Helsinki is a laid-back, compact and easy to get around city. You can board a hop-on hop-off open top bus at the cruise terminal, that stops at main attractions like: Senate Square (a big open square that’s home to Helsinki Cathedral), the Rock Church (an underground church carved from solid rock), the 1952 Olympic Stadium, and Market Square (a large flea market that offers fresh foods, handcrafted items and souvenirs).
Next to Market Square, you can take a turn around the Skywheel and get a 360 degree view of the city. From there, walk down the tree-lined Esplanade Park flanked with outdoor cafes and high-end shops.
Note: Hop-on Hop-off Bus- $30 adult/ $15 child Skywheel- $13 adult/ $10 child
Day 10- Stockholm, SwedenSailing through Sweden’s archipelago is one of my fondest memories from this trip. The rugged beauty of the rocky cliffs and wooded islands dotted with quaint cottages is compelling. But, there is also something nostalgic and mystical about gliding through waters that have been sailed by mankind for hundreds of years.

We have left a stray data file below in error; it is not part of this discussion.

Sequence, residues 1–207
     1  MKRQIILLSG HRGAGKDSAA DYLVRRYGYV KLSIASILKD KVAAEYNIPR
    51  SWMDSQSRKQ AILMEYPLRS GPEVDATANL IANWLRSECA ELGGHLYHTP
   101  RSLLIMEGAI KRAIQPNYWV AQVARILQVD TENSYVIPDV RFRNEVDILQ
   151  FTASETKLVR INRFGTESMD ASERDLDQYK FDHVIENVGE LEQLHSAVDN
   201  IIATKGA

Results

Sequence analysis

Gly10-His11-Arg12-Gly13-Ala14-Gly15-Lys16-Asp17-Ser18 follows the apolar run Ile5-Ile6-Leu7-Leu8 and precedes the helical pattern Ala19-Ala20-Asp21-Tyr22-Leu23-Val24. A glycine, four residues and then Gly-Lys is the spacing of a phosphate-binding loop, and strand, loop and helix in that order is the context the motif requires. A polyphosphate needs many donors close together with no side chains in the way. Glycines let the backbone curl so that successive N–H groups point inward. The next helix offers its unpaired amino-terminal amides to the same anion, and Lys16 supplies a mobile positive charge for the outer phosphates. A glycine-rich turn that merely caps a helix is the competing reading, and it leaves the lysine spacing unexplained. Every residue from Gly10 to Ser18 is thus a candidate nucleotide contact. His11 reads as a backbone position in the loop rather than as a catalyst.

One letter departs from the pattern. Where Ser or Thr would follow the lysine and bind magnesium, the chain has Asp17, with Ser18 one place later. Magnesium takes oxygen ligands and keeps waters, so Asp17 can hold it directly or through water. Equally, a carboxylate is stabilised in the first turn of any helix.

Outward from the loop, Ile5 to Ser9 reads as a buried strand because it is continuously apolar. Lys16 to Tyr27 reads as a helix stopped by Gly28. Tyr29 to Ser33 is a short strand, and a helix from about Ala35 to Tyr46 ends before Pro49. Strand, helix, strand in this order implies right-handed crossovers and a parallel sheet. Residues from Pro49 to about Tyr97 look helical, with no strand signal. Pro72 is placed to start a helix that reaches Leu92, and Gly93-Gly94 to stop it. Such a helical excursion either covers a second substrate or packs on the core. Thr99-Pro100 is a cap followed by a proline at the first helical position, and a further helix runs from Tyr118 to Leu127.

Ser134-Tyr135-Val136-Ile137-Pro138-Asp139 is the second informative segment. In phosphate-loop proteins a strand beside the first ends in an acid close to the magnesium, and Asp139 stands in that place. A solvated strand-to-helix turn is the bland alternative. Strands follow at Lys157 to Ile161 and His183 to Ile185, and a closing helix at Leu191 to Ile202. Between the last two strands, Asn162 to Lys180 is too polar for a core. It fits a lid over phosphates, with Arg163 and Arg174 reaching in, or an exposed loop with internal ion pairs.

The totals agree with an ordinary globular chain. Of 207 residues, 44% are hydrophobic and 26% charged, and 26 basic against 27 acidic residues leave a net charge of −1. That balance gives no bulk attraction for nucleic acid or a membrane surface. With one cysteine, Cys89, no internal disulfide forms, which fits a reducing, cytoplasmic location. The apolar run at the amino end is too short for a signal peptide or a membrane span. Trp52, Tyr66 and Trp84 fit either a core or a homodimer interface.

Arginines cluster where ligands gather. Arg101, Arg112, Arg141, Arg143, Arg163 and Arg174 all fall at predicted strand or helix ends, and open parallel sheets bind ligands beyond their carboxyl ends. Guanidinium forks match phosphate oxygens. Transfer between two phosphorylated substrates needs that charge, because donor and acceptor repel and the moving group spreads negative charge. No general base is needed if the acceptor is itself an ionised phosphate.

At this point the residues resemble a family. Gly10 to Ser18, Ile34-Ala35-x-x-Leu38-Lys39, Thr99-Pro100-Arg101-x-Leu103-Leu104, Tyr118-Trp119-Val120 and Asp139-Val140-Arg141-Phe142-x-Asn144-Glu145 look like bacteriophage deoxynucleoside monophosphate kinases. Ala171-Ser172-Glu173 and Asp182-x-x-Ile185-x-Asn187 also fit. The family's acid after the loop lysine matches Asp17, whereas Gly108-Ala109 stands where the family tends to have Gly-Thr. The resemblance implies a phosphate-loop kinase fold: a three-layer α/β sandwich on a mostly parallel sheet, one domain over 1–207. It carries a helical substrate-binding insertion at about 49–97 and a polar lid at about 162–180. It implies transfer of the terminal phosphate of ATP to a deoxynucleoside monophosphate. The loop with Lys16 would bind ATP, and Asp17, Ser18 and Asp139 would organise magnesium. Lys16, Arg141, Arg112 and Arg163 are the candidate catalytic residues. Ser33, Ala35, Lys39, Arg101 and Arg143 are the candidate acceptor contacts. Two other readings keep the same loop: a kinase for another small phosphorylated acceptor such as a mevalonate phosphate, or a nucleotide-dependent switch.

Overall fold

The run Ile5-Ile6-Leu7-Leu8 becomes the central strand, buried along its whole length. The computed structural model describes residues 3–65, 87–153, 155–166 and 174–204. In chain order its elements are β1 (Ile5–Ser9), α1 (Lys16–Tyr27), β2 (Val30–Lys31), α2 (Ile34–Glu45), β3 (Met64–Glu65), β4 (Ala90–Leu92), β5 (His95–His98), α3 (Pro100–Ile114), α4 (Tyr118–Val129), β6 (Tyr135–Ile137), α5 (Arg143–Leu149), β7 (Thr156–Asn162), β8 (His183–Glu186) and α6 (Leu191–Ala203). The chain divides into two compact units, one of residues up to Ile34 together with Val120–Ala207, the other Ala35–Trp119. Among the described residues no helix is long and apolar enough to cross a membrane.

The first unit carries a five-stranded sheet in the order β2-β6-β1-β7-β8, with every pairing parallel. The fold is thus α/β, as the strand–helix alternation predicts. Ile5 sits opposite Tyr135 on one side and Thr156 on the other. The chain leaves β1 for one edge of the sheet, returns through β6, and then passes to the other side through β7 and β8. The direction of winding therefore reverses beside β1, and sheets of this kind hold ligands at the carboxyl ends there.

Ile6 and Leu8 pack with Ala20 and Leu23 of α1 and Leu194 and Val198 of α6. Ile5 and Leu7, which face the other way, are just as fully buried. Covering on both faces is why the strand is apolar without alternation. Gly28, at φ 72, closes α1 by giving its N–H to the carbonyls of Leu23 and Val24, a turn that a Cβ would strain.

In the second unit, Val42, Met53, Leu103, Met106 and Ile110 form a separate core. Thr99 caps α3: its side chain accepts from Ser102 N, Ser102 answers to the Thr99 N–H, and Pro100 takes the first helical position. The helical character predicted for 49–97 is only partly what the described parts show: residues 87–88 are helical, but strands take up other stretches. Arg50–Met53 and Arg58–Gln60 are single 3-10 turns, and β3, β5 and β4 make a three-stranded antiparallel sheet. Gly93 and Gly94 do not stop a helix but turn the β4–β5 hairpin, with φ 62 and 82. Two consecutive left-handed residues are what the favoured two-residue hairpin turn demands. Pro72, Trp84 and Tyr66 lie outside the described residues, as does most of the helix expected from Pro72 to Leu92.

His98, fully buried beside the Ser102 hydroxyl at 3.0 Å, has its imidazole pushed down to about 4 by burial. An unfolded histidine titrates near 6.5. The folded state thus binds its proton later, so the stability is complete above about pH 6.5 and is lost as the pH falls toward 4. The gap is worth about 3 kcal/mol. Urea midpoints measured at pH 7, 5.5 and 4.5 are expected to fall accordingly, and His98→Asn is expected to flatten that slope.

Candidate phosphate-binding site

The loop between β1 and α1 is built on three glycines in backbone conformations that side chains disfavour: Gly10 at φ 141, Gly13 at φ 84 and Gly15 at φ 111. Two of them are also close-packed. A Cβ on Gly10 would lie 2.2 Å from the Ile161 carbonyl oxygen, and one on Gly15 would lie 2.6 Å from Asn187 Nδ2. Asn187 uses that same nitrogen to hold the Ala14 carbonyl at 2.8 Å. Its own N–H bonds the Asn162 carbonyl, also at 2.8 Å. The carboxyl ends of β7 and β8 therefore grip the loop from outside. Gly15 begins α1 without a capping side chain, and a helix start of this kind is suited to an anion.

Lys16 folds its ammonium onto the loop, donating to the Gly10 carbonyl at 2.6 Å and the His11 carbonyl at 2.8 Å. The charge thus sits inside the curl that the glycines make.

Our plan was to visit the Vasa Museum, do a walking tour of Old Town, and check out the Icebar. We began by walking from the dock to the Vasa which was a mistake. It was farther than we expected (1.8 miles)— and we got lost, which ate up a lot time.
The Vasa—a 17th century warship—sank in Stockholm harbor on its maiden voyage in 1628. After 333 years on the seabed, it was discovered and raised, preserving an iconic piece of Swedish history.
Old Town (Gamla Stan) dates back to the 13th century. Cobble-stone streets and medieval alleyways wind through burnt orange and mustard colored buildings housing cafes, tourist shops and art galleries. This is a good place to have lunch and take in Old Town.
We didn’t have time to visit the Icebar, but we did take a hop-on hop-off boat from Old Town back to the cruise terminal. It’s an easy way to get around Stockholm, and stops at several main attractions.
Sailing out of Sweden and the archipelago as the sun was setting was…enchanting.
Note: Vasa tickets- Adults $14/ Kids 0-18 Free Hop-on Hop-off Boat- Adults $16/ Kids $8/Age 0-5 Free
Day 11- At Sea
The BIG 5-0 happened today with lots of sunning by the pool and toasting to the next 50 years.
Happy Birthday, Ryan!
See…it wasn’t so bad after all.
Day 12- Disembark in Copenhagen
We’re usually ready to return home by the end of a long trip. But, we weren’t ready to leave Scandinavia and began planning our return trip before we even got off the ship.
A Norwegian Fjords cruise is now on the list. 🙂